Women in Business

We’ve had a hunt through the Business Index Collection and have found a number of successful women included, particularly around the early 1900s. This is fairly surprising considering the historical context of the records. It was not until 1928 that women were granted the right to vote on the same terms as men and the universities of Oxford and Cambridge had only opened their degrees to women some eight years earlier.

The successful businesswomen featured in the records include:

 

Helena Normanton – The first woman to practise as a barrister in the UK when she was called to the Bar of England and Wales in 1922.BusinessIndex NotablePersonalities1927 305Normanton HELENAalone thumb New Society of Genealogists Family History Collection   Business Index published on line

 

 

Irene Barclay – The first woman in Britain to qualify as a chartered surveyor. Barclay helped to set up a number of housing associations around the country, improving living conditions for many people. 

Dame Lilian Braithwaite – Celebrated actress who appeared in Alfred Hitchcock’s film Downhill and Noel Coward’s play The Vortex.

Marion Lyon – The Advertisement Manager of Punch magazine and the only woman to hold a position of this nature in the early twentieth century.

Radclyffe Hall – Author of The Well of Loneliness, a novel about a lesbian relationship published in 1928. The book was declared obscene and was withdrawn from sale.

BusinessIndex NotablePersonalities1927 195Hall RADCLYFFE thumb1 New Society of Genealogists Family History Collection   Business Index published on line

 

 

Lilian Baylis – Manager of the Old Vic and Sadler’s Wells theatres. Baylis also ran an opera company that later became the English National Opera, a theatre company that became the Royal National Theatre and a ballet company that became the Royal Ballet.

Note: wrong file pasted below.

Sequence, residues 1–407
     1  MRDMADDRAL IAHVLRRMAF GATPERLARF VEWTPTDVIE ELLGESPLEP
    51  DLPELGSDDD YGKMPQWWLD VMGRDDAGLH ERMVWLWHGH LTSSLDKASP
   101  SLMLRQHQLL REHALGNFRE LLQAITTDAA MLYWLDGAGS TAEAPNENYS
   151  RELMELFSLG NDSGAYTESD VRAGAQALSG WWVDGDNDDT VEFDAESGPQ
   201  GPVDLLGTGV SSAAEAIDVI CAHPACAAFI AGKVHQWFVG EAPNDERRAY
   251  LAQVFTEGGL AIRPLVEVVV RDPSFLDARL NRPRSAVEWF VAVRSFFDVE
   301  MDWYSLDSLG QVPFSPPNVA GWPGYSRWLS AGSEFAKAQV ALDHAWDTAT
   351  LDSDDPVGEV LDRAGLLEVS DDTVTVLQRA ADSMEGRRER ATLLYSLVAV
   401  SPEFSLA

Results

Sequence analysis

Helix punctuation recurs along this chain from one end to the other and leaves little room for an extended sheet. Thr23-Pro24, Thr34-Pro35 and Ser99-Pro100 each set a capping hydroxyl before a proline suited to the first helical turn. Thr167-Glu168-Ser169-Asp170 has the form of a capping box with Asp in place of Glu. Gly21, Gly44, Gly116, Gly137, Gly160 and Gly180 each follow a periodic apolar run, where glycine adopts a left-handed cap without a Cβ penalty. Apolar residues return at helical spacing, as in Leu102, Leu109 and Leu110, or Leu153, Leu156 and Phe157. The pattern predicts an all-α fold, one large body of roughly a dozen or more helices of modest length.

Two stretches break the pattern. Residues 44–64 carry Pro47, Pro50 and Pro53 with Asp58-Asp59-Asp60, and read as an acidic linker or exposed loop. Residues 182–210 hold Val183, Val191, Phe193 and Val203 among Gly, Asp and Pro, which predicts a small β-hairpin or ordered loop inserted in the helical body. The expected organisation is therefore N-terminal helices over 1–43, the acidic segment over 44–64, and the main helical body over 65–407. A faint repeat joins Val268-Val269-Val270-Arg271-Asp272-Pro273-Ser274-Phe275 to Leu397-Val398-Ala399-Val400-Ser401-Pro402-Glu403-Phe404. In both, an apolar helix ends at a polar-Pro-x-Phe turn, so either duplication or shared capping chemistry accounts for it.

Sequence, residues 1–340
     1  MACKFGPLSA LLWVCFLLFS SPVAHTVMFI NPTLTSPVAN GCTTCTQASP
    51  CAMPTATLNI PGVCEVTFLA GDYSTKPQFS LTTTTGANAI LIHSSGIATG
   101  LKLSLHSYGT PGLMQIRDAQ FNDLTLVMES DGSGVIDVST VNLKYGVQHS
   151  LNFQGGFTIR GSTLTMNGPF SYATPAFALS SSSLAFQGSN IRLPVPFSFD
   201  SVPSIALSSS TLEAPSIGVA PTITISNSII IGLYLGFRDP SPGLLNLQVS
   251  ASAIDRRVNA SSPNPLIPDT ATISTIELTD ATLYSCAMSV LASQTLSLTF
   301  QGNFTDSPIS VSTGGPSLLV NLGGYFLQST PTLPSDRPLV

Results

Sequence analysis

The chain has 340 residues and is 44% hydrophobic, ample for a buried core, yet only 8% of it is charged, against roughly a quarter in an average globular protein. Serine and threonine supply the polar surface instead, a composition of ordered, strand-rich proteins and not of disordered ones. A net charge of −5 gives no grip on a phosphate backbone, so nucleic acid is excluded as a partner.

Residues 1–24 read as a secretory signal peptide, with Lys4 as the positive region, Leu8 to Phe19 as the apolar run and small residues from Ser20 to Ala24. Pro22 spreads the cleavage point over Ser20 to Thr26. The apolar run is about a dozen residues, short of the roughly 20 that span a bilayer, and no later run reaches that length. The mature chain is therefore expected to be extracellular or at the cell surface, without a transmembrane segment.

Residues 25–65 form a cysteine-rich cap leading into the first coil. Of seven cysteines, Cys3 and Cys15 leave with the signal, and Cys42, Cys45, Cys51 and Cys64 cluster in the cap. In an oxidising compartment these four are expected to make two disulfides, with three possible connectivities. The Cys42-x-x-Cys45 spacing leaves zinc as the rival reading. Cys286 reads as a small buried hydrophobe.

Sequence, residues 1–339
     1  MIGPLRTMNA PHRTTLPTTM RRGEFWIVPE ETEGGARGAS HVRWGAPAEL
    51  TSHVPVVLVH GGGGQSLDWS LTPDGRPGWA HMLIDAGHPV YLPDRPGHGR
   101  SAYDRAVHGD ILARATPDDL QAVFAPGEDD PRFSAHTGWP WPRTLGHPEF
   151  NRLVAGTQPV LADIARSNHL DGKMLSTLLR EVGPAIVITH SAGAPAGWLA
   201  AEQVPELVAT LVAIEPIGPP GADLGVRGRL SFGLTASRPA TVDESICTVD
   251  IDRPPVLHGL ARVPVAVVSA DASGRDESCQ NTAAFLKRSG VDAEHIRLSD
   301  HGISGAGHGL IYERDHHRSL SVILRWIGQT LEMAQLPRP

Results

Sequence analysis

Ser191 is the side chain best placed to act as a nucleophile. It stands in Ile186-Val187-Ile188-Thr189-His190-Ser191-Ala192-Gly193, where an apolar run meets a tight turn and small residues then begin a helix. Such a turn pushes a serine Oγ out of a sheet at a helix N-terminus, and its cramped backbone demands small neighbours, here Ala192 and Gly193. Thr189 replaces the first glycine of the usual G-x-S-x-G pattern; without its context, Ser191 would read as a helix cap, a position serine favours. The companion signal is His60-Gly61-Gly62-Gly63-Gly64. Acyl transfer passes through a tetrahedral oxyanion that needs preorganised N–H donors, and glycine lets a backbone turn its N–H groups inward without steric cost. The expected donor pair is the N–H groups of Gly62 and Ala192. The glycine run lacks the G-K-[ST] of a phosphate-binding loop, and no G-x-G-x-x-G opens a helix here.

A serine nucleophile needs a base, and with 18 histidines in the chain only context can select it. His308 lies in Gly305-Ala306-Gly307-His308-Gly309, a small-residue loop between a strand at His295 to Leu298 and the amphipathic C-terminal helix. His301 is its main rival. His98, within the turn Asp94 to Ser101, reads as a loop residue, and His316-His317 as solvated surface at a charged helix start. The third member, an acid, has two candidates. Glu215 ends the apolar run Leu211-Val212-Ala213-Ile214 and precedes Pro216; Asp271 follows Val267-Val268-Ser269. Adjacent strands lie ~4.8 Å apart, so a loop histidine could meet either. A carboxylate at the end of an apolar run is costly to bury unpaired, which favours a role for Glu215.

Debra Chatfield, findmypast.co.uk’s Marketing Manager, comments:

“The Business Index Collection shows us that while our female ancestors were fighting for the right to vote and to go to university, countless women were already business leaders. This is all the more amazing when you consider that today, fewer than 14% of FTSE 100 board positions are held by women.”

Search the Business Index Collection now to see if any of your ancestors are included!

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Members of the Society of Genealogists can now login to MySoG.

clip image003 thumb Society of Genealogists launches MySoG   members access to online genealogy data and much more

The Society of Genealogists has launched an enhancement to the website called MySoG. You will find a link on the top right hand banner on all pages on the Society of Genealogists website www.sog.org.uk

 What is MySoG?

clip image005 thumb Society of Genealogists launches MySoG   members access to online genealogy data and much more

MySoG currently allows Members, who want to, to update some of their personal details, to renew their membership using secure online payment options and to access to the Society of Genealogists Family History Data Online (previously known as the Members’ Area). It will also improve the Society’s communications as members will be able to provide current email addresses. So please do take the opportunity to update your information.

 

 How do I start?

To use MySog for the first time you must follow the instructions in the letter sent to all Members in early February 2011 (and by Airmail to overseas Members). This explains how first to validate your membership to access MySog and obtain a password which is sent by email. To validate you will need to input the two different numbers on the front and back of your membership card.You can then login once the validation has been completed. Please note any Usernames and Password used in the past to access the old “Members’ Area” or SoG Data on Origins are not valid to access MySoG. Your MySoG access details are not valid on either of those facilities so you must follow the instructions that have been sent to you. If you have not received the letter or have any problems please email support@sog.org.uk. Please avoid using other sog.org.uk email addresses or telephoning the SoG. The support facility is managed off-site and outside opening hours.